• Today, we’re in the “Age of the Customer” — this was a prevalent theme throughout the conference where the Customers (users in most cases) have the power to select on-demand what they want to engage in
  • Shift in focus to “How to win in the age of the Customer?”
  • There’s also a shift from “system of record” to “system of engagement”. For this, look no further than Uber which disrupted one of the oldest, entrenched industries
  • Also, look at how to bring social into the enterprise to engage employees (B2E — Business to Employees)
“Prove It: Mobile Media Drives Measurable Actions” session led by Millennial Media’s VP of Sales, Alia Lamborghini (side note: what an incredible last name…)
  • Panel included: Troy Brown of MSL Group (a PR agency) who is bringing app development (and really acumen) to the agency; Sanarr McLaughlin is the Manager of Interactive Marketing for InterContinental Hotels Group (IHG); Chris Bigda of The Coca-Cola Company over Connections Planning and Investments; Lisa Cantrell of Turner Broadcasting serving as the Director of Digital Strategy and Activations; and Erin Arnett, an Account Director of Yahoo!
  • For Chris, “connections planning” includes the paid/ owned media
  • Lisa must consider the sizeable and highly variable audience to which Turner broadcasts to with channels including CNN, TBS, Cartoon Network, Adult Swim, etc.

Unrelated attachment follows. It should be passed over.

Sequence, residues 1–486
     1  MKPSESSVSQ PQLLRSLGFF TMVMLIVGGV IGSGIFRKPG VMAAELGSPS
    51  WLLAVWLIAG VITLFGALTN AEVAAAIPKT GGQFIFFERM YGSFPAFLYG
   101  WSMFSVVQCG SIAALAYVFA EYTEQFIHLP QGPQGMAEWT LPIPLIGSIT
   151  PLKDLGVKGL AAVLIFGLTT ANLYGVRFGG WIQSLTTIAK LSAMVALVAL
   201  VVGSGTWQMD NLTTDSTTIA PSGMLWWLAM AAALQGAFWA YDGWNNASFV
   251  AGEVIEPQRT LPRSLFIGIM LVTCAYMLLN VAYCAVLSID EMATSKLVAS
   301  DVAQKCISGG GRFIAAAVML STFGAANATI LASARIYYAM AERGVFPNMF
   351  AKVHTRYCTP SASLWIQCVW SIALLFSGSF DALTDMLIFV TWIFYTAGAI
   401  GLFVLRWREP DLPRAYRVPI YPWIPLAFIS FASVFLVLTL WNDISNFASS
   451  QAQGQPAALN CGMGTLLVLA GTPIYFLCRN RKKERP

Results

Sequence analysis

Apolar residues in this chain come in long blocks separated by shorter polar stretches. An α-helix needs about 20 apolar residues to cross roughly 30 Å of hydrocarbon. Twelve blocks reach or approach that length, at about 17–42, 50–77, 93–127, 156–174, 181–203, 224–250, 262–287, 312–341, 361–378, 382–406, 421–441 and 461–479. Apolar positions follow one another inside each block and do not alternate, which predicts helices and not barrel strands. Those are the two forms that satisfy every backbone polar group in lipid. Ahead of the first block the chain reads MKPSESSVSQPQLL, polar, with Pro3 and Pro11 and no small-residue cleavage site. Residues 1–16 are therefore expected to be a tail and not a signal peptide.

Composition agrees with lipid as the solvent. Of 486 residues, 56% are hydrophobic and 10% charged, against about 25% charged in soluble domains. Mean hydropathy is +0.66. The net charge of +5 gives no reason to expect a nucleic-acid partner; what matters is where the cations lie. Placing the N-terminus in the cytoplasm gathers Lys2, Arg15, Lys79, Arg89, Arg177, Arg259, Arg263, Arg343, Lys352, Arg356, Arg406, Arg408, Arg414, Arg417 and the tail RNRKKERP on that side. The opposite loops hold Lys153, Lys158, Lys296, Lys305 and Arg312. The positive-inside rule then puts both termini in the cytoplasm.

• Per Alia, 86% of time spent on mobile is in-app vs. internet (see Forbes)
  • There’s a growing interest and attention in anonymous content. Think: Snapchat (kind of), [Atlanta’s own] Yik Yak, etc.
  • The Coca-Cola Company doesn’t store so much consumer data (except for owned data through programs like Coke Rewards). Instead, the Company partners with other companies for more data (like agencies, McDonald’s, etc.)
  • Mobile marketing is more “finite” by being a lot easier to measure than TV (conversions, impressions, etc.). There’s a better sense of Return on Engagement
  • One area of opportunity is the growing fragmentation of screen sizes including this “phatblet” phenomenon whereby many companies are designing mobile web-responsive sites. However, their digital ads are not properly formatted
“Think Outside the Bricks and Mortar: Understanding How Mobile is Moving Retailers” session led by Mike Neumeier, Principal of the Arketi Group (B2B marketing/ PR agency)